Beyond Dawn “Pity Love”

The first Beyond Dawn release I heard was the “Longing for Scarlet Days” EP, a droning black metal affair with a bleak goth rock—dare I say Celtic Frost-influenced—atmosphere and a trombone. With its murky production, gimmicky brass and vocal histrionics, “Scarlet Days” was not very impressive. But you could see the potential.

“Pity Love,” Beyond Dawn’s first proper release, is a far better starting point, a realization of the band’s initial creative impulse and a convincing album in its own right. Its metal component is a hybrid of doom and black metal: slow, pounding and plodding for the most part, complemented with some black metal riffing and not so complemented by rather poor black metal yelps—Espen Ingeird’s wonderfully morose singing (then somewhat like Michael Gira’s) works just fine, thank you.

The louder sections of the music are made extra abrasive by the inclusion of the now-famous trombone, which blasts away in the heavier moments. The trombone performs a different function in the music’s mellower, somber moments, which are scattered throughout the album, both imparting beauty and spewing a tense urban atmosphere.

Unfortunately, Beyond Dawn’s transitions were still choppy, and the movement between the mellow and the noisy has a cut-and-paste quality. A DIY amateurishness sometimes undermines the music’s solemnity at certain points throughout the album.

Despite these drawbacks, inherent in any young band with outsized ambition, Beyond Dawn makes a strong early showing on “Pity Love,” an album with a lot of beautiful, poignant moments heightening the metallic ugliness. The main weakness is the band’s adherence to black metal staples, which can be great in the hands of the right band. But Beyond Dawn was never a natural fit for the genre, and you can sense their struggle to reconcile what they wanted to be with the scene they emerged from.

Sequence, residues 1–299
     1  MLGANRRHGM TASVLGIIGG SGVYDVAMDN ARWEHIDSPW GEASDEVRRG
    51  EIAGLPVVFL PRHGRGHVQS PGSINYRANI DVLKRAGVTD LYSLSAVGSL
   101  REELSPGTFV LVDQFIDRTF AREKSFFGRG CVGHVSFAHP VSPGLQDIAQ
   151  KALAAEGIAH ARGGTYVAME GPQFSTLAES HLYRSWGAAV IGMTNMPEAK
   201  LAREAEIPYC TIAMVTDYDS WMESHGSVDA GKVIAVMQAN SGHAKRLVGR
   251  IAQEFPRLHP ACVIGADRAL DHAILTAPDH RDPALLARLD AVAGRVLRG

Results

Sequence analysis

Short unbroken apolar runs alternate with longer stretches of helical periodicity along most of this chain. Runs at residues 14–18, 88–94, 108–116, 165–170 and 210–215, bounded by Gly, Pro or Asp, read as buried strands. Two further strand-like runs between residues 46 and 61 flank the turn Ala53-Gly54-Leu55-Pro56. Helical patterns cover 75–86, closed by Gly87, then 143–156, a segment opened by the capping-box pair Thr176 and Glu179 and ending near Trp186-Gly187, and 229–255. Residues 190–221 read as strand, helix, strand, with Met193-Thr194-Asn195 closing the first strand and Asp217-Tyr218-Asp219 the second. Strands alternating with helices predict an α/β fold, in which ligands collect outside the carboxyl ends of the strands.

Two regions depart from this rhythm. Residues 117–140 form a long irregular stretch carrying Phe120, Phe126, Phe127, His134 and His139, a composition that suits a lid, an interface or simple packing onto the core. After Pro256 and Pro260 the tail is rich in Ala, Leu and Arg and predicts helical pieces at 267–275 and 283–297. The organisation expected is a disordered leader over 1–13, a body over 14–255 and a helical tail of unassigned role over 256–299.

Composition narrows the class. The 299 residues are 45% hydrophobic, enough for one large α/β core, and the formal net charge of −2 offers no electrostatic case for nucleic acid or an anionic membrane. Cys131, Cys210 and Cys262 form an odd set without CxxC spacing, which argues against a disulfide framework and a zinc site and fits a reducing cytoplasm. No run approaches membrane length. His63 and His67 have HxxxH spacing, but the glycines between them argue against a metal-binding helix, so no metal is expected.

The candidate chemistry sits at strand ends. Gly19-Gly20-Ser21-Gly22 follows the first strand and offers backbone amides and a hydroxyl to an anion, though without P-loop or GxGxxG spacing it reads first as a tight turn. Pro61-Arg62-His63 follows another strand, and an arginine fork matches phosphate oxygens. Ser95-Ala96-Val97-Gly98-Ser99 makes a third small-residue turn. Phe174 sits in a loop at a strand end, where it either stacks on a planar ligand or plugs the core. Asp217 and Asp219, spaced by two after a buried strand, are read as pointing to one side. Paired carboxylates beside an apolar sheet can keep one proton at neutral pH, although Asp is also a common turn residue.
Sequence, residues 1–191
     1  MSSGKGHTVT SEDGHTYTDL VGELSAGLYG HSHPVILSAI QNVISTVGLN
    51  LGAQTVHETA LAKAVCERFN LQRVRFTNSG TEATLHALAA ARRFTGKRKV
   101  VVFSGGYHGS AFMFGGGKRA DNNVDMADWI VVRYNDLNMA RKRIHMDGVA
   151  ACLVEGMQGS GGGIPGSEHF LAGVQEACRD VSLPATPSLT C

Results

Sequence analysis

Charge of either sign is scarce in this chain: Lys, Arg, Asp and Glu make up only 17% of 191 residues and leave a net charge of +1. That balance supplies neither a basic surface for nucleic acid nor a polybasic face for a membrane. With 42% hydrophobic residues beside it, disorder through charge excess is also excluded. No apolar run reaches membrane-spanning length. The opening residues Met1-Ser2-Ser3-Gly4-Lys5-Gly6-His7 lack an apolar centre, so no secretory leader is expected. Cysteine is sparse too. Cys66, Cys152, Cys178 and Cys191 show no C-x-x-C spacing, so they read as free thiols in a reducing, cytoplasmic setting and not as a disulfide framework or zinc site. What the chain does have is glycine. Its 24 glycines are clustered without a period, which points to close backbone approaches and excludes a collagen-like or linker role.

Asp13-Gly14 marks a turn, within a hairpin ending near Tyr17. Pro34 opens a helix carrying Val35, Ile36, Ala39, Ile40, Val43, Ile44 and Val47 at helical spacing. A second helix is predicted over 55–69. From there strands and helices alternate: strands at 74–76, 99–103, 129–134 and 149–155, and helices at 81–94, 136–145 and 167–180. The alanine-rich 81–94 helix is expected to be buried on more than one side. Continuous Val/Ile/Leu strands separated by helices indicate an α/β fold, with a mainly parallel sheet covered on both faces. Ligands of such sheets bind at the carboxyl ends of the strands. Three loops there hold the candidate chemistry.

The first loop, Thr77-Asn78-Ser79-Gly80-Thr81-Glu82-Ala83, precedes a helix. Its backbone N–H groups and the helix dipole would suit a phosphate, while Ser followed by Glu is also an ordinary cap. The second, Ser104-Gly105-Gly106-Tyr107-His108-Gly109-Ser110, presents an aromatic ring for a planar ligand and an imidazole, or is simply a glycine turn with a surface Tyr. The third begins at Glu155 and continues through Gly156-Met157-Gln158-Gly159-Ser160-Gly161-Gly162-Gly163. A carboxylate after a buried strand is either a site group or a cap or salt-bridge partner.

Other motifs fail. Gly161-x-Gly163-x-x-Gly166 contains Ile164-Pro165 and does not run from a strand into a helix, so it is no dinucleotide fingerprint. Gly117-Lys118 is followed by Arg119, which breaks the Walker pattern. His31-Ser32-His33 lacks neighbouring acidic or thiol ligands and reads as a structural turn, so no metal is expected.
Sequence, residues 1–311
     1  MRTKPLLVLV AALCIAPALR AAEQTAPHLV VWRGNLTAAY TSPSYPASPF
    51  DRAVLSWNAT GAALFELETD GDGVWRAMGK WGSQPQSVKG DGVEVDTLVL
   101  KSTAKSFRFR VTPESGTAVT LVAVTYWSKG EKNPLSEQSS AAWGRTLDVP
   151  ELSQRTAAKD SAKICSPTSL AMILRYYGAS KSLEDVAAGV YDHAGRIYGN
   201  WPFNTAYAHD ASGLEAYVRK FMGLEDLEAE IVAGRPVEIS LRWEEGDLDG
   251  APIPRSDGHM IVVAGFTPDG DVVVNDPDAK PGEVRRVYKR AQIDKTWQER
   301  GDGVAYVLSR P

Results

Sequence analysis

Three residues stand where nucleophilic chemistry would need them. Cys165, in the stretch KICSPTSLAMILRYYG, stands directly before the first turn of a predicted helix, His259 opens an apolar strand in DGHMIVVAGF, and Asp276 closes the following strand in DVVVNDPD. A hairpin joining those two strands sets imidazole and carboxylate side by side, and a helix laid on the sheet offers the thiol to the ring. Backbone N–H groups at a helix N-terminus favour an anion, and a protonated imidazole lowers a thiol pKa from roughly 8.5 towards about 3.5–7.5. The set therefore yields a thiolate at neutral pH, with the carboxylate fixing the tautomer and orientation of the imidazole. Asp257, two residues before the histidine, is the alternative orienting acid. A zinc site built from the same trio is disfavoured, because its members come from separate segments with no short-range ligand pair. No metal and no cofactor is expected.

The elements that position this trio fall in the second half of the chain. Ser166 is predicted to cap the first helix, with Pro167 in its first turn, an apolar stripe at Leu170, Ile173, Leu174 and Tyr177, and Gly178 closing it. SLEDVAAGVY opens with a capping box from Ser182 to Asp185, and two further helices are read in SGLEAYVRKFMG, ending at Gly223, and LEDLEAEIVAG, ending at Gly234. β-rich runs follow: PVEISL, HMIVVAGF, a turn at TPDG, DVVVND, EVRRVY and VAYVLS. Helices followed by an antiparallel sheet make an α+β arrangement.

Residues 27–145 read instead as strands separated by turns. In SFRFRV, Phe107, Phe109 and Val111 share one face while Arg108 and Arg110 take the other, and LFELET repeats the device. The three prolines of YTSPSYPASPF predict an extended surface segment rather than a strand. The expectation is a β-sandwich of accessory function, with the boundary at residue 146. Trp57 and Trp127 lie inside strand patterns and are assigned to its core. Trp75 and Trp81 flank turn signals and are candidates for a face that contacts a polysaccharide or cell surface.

It wouldn’t be until “Revelry” that the band fully realized their potential (within the framework of metal), but “Pity Love” is a great starting point for anyone who wants to explore one of Norway’s better acts in their formative stage. And besides, there are plenty of great moments here to keep even the most jaded metal fan coming back for seconds.

-James Slone


Release:  1995
Label:  Candlelight Records
Avantgenre:  Bleak Black-doom With A Trombone
Duration:  53:38
Origin:  Norway
Official site:
Review online since:  03.11.2009 / 01:57:11


01 – When Beauty Dies
02 – The Penance
03 – (Never A) Bygone
04 – Teardance
05 – As The Evening Falters, The Dogs Howl
06 – Embers
07 – Storm
08 – Ripe As The Night
09 – Daughter Sunday

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